While Barthes's methods still play an important role in the development of film theory, it was Christian Metz, one of the giants of French film theory, who became best known for the use of semiology as a method to analyze cinema. In Film Language (1968), Metz argued that cinema is structured like a language. Adopting Saussure's models, Metz made the distinction between "langue," a language system, and "language," a less clearly defined system of recognizable conventions. Metz contends that film cannot be regarded as comprising a "langue," in the sense of having a strict grammar and syntax equivalent to that of the written or spoken word. Unlike the written word, film's basic unit, which Metz argues is the shot, is neither symbolic nor arbitrary but iconic; therefore, it is laden with specific meaning. Metz suggests that film is a language in which each shot used in a sequence works like a unit in a linguistic statement. In his theoretical model, known as the "grande syntagmatique," Metz argues that individual cinematic texts construct their own meaning systems rather than share a unified grammar.
These ideas were developed upon and expanded by a wide range of theorists including Raymond Bellour in The Unattainable Text (1975), who largely supported Metz's views. Metz's ideas were nonetheless controversial and became the catalyst for heated debate amongst theorists during the 1970s and the 1980s, especially among Left Wing cultural theorists in Britain and the United States. The Italian Umberto Eco argued in "Articulations of the Cinematic Code," that the photographic image is arbitrarily constructed, just as the linguistic code is arbitrary. Stephen Heath challenged Metz's arguments, suggesting in Questions of Cinema (1981) that all cinema is concerned with representation and that representation itself is a form of language equivalent to Saussure's linguistic model of "langue." In a similar vein, Sam Rohdie took issue with some of Metz's key statements while calling for a continued investment in the systematic textual analysis that semiology makes possible (1975).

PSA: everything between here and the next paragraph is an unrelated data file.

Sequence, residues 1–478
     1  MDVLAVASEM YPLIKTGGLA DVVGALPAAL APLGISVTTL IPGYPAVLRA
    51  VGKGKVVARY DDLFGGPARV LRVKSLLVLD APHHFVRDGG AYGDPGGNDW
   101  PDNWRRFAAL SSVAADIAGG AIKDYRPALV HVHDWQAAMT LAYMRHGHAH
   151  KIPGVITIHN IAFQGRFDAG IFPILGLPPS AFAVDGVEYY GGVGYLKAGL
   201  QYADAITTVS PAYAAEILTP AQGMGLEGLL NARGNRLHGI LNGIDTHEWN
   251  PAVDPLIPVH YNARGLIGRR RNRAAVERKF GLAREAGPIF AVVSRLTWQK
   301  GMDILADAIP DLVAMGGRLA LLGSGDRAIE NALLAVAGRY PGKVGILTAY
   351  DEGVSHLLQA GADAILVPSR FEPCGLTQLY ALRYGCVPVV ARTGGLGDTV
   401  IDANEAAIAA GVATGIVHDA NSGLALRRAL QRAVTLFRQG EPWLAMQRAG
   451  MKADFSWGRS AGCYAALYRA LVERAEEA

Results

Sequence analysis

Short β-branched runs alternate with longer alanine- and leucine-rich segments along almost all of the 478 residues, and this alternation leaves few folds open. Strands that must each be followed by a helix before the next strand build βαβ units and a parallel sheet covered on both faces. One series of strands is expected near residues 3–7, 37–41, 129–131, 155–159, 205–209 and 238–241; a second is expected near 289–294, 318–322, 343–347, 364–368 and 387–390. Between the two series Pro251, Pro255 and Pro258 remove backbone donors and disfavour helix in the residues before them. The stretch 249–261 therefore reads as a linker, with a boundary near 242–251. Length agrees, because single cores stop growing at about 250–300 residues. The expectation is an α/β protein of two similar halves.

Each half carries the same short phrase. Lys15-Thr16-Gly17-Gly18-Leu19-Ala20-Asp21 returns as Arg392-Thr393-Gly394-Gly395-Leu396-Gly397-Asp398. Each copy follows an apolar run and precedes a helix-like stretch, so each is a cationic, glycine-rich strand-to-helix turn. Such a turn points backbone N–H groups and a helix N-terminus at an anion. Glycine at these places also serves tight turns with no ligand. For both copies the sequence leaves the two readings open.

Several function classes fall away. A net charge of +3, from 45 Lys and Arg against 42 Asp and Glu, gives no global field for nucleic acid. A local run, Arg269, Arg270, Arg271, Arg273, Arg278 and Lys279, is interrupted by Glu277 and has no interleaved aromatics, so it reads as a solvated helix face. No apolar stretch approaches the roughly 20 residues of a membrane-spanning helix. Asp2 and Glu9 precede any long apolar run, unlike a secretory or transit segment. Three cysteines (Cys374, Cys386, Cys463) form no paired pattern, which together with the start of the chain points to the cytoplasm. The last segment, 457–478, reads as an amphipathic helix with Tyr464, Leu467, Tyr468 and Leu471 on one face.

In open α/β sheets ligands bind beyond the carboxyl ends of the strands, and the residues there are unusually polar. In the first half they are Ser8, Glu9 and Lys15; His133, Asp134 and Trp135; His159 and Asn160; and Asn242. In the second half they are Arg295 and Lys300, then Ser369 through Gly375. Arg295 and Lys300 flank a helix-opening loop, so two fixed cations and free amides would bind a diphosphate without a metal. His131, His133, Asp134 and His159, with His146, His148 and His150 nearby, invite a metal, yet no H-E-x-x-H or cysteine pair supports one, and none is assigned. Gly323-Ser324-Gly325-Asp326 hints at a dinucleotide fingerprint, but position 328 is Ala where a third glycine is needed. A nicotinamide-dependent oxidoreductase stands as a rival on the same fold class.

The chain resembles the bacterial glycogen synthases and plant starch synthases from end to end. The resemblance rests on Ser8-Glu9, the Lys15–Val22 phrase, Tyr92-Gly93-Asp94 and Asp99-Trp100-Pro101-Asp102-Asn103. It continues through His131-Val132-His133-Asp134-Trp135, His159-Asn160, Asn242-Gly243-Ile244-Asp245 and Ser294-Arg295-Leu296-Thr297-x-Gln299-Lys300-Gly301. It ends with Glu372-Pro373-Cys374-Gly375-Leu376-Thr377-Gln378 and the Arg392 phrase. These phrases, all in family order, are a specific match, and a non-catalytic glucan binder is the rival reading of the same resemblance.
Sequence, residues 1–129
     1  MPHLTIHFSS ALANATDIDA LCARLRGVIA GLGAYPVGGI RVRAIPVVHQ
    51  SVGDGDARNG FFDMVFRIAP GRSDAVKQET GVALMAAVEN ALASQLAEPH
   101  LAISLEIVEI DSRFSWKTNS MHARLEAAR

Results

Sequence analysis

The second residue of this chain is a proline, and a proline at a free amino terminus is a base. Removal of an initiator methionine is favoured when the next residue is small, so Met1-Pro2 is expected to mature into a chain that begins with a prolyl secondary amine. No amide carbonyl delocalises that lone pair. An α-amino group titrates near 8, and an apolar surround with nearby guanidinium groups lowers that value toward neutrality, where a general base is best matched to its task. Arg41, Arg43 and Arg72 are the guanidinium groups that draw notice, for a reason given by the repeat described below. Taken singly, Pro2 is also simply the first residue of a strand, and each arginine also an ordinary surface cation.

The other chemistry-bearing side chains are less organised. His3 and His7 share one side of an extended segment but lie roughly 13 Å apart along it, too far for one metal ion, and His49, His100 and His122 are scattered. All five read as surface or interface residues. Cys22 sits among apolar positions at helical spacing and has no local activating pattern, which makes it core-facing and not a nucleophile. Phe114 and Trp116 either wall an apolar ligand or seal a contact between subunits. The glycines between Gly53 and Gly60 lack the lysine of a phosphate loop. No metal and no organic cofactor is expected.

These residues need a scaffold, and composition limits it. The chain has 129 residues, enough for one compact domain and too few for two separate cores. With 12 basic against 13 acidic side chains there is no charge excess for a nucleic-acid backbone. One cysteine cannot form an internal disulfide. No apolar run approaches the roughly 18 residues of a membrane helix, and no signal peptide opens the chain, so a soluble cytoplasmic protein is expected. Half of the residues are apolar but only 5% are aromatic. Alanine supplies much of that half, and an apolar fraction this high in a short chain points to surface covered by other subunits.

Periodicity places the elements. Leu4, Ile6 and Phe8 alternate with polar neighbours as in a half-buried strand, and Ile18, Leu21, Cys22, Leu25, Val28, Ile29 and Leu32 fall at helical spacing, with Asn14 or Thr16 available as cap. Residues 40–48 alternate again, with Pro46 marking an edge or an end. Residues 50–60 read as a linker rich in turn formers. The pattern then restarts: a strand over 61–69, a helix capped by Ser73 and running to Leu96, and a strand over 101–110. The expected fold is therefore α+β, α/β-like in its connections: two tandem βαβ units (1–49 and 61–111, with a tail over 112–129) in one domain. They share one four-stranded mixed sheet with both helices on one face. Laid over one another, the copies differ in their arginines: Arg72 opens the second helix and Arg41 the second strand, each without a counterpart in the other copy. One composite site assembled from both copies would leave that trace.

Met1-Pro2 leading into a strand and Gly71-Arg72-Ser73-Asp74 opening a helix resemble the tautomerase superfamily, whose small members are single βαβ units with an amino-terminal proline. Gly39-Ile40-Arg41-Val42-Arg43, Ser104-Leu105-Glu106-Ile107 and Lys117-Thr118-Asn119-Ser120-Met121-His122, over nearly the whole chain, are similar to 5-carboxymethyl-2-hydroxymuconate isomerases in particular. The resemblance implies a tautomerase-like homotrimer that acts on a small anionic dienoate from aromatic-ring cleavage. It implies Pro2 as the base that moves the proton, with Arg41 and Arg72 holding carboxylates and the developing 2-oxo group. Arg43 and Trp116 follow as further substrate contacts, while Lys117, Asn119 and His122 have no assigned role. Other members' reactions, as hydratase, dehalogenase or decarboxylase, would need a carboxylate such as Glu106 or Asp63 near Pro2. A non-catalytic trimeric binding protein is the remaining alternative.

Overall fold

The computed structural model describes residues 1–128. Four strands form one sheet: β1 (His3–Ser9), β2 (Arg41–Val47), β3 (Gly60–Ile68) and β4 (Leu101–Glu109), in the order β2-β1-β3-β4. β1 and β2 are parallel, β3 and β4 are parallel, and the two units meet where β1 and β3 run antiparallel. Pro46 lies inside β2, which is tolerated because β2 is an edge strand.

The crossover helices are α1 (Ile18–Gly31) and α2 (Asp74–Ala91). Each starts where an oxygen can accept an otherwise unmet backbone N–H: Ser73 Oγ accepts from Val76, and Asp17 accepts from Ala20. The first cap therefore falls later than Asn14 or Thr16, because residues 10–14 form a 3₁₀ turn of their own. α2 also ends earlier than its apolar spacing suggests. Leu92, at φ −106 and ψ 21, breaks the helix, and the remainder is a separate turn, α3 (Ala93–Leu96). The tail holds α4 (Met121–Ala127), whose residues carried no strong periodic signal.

By the mid 1980s, the version of semiology that Metz had developed had increasingly lost favor and had become largely replaced in film studies debates by an interest in Lacanian psychoanalysis. This shift was perhaps due to a range of factors, including the waning interest in the radical leftist politics espoused by most structuralist thinkers and the emerging interest, especially amongst feminist academics within film studies, in psychoanalysis as a theoretical paradigm. Indeed, Metz himself had moved away from his investment in semiology to emphasize psychoanalysis during the mid-1970s, thus forecasting the direction that film studies would take as an academic discipline.
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